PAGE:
Courtesy / Siggi Ragnar
The Classic Theatre of San Antonio embarks on its 12th season with an expanded slate of five plays, each of which introduces a family from a different time and place and part of the world, all united by the theme “The Ties That Bind.”
The families of the first play will be perhaps most familiar to audiences, as the Capulets and Montagues confront their children amid the family feud of Romeo & Juliet (Sept. 6-29). The Bennet family of Jane Austen’s Pride and Prejudice makes a return over the holidays with Miss Bennet: Christmas at Pemberley (Nov. 22-Dec. 22), and two family dramas combine onstage with the Pulitzer Prize-winning Anna in the Tropics by Nilo Cruz, as Tolstoy’s Anna Karenina overlaps a Cuban immigrant family’s cigar factory in 1920s Miami (Feb. 7-Mar. 1, 2020).
Two true classics round out the season in the spring, with Thornton Wilder’s Our Town running Mar. 20-Apr. 12 and Neil Simon’s Brighton Beach Memoirs May 8-31.
In planning for a new season, Executive and Artistic Director Kelly Hilliard Roush essentially takes the pulse of her community. She said she sees what’s going on in San Antonio and how events in the larger world affect this place, then pulls together plays that speak to the moment.
As Roush reads new plays and re-reads familiar works, she focuses on the ones “that make my body tighten, excite, twist — I have a visceral reaction when I read a play that says ‘now’ to me.”
Even a 400-year old classic like Shakespeare’s Romeo & Juliet can speak to the moment, sometimes with stunning particularity. While directing A Midsummer Night’s Dream at the Classic last year, director Joe Goscinski was going through the difficulties of a long-distance relationship complicated by tightening international borders. For this season, he suggested Romeo & Juliet to Roush, specifically because of one feature of its setting in the walled city of Verona, Italy.
“[Goscinski] had been in a relationship separated by a wall, separated by countries,” Roush said, and Romeo’s lines resonated:
There is no world without Verona walls,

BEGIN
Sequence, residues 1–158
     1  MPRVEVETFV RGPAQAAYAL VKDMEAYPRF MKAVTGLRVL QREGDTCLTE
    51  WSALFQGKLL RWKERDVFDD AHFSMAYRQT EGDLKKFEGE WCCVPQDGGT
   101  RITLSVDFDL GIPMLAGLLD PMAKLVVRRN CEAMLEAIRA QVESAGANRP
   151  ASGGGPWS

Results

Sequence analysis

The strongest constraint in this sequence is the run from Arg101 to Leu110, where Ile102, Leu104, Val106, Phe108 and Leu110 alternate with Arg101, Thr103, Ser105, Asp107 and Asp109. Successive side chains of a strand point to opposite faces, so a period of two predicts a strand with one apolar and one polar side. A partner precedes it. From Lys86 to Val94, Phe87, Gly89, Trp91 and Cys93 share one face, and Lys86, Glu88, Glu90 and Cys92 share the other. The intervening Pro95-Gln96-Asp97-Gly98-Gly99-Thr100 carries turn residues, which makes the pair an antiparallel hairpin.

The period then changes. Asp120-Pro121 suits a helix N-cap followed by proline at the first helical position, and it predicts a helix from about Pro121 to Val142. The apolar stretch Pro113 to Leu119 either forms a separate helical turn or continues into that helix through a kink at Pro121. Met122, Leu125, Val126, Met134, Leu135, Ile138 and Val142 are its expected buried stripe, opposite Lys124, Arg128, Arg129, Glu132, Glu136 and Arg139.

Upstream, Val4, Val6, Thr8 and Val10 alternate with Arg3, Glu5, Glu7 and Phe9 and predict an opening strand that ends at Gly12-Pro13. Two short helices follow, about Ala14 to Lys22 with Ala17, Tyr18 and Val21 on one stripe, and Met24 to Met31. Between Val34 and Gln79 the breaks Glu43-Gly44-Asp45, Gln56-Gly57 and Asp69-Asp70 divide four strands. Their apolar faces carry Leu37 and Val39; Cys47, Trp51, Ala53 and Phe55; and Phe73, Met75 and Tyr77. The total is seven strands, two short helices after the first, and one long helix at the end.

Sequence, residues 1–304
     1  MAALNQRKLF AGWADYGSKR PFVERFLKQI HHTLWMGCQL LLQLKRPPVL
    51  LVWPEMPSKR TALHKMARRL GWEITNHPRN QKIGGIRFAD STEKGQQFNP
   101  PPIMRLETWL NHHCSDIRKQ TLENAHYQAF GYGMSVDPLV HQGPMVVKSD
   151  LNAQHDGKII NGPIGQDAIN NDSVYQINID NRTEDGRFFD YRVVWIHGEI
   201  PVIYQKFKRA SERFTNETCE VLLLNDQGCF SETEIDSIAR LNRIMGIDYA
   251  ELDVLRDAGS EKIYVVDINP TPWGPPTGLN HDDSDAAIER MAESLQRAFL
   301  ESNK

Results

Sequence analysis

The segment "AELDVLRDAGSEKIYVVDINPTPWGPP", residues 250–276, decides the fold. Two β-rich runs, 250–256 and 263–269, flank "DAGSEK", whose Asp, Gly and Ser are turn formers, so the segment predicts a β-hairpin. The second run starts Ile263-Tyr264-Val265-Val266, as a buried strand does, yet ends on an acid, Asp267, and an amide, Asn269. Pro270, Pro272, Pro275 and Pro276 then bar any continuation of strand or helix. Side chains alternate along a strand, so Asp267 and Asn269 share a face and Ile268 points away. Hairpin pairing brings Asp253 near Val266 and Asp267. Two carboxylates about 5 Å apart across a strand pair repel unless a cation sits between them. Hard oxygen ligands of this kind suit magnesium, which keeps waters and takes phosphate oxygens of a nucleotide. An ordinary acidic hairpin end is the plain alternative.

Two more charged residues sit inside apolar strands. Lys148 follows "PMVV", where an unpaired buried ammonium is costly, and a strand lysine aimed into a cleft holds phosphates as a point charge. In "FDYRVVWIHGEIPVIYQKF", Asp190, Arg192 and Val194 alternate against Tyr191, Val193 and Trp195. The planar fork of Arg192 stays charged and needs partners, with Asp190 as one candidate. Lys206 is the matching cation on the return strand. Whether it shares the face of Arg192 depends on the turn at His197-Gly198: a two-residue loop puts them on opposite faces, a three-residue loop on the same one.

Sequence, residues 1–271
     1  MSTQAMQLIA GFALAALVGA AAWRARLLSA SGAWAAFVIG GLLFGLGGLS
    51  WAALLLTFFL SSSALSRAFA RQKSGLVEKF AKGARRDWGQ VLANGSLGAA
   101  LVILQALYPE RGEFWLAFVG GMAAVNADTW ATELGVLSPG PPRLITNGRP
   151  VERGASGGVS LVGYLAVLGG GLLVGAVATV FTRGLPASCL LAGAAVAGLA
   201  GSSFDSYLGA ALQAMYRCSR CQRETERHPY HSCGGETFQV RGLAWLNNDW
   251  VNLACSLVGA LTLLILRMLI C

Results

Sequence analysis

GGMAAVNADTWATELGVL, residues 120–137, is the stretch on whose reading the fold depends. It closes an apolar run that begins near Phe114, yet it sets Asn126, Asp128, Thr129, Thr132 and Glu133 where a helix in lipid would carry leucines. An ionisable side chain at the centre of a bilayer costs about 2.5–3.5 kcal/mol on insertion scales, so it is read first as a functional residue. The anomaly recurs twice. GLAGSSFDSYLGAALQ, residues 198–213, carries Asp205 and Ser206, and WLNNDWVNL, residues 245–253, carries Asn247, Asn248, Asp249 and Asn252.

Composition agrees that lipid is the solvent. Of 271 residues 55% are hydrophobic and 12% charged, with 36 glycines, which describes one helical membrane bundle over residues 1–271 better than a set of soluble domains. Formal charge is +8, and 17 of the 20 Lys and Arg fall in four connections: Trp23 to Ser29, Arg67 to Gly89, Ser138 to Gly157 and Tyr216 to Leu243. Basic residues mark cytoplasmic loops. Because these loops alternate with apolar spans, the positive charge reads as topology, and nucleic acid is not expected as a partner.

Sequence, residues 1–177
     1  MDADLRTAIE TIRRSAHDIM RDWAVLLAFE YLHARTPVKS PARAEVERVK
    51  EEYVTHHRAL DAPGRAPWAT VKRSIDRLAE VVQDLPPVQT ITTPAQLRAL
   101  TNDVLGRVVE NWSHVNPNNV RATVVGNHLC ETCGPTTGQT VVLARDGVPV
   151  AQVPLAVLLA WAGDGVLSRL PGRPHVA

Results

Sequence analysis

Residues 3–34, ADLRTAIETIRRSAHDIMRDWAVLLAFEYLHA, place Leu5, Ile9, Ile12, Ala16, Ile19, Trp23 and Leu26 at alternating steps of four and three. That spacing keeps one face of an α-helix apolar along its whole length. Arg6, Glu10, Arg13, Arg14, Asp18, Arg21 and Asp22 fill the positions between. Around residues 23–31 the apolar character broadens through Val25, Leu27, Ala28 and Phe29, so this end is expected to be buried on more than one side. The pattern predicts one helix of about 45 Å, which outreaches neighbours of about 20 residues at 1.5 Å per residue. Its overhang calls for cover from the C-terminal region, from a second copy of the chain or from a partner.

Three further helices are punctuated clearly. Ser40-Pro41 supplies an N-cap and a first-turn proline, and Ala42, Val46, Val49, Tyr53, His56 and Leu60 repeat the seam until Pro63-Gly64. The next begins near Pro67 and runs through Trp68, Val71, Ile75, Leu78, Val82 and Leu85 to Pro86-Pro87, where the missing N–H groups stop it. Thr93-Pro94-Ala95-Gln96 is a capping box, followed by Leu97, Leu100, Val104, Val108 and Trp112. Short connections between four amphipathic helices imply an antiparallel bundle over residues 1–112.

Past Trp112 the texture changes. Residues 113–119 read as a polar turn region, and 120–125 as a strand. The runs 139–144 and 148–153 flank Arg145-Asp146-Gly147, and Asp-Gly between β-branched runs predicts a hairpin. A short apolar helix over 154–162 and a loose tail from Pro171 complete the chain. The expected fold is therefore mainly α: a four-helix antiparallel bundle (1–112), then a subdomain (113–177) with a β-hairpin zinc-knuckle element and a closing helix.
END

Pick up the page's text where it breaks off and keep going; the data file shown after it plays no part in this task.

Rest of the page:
But purgatory, torture, hell itself.
Hence-banished is banish’d from the world,
And world’s exile is death.
Roush and Goscinski spoke of hearing so much conversation about walls and fear, they agreed the play would speak sharply to the moment. Even 400 years after being written, the play is “so timely, that love conquers hate and hate comes from fear, it’s an intergenerational conversation,” she said.
Once that piece of the season puzzle was in place, Roush looked for other plays that would speak to the community.
The language of women’s empowerment can be heard in how Roush describes the experience of the least-known Bennet sister Mary, whom Miss Bennet: Christmas at Pemberley focuses on. Written in 2017 and set two years after the better-known sister Elizabeth marries Darcy, the play represents the 20-year-old Mary finding her voice.
“See me for who I am, not who you think I am,” Mary says to her sisters, Roush said. “Ultimately, she finds her way to say ‘look at me, listen to me,’ and [the sisters] say, ‘you’re right, and we’re better for that.’ It’s joyful and honest.”
Anna in the Tropics is “all atmosphere and smoke and romance,” Roush said, set in a traditional cigar factory where hand-rolling is still practiced, and workers are read to by lectors during shifts, educated as they toil. The convoluted relationships of Anna Karenina reflect the complexity of the immigrant family itself, and ask “when do we bind each other in a negative way, and when do we hold each other close?” Roush said.
Roush said she considers how the entire season will play out, aware that some audiences might see multiple plays. Our Town is a holds a more hopeful mirror up to the warring families of Romeo & Juliet, with its story of two young people the same age who fall in love, “and the whole community gets behind them,” she said.
The season closes with Neil Simon’s Brighton Beach Memoirs, which is set in postwar Brooklyn and centers on members of a Jewish family who, even as they have trouble making ends meet and finding their own place, open their home to refugees.
“So despite all the little things that can make us crazy with family, the embracing of those who don’t have — it just all spoke to me this year in a way because we’re surrounded by it,” Roush said.
The season’s stories present “five different families from five different world viewpoints and cultures, who are still struggling with all the same things that me and my husband and our teenagers” struggle with, she said.
Romeo & Juliet, directed by Goscinski, opens Friday with an 8 p.m. performance. Tickets for the show, and all Classic Theatre season performances, are available on the company’s website.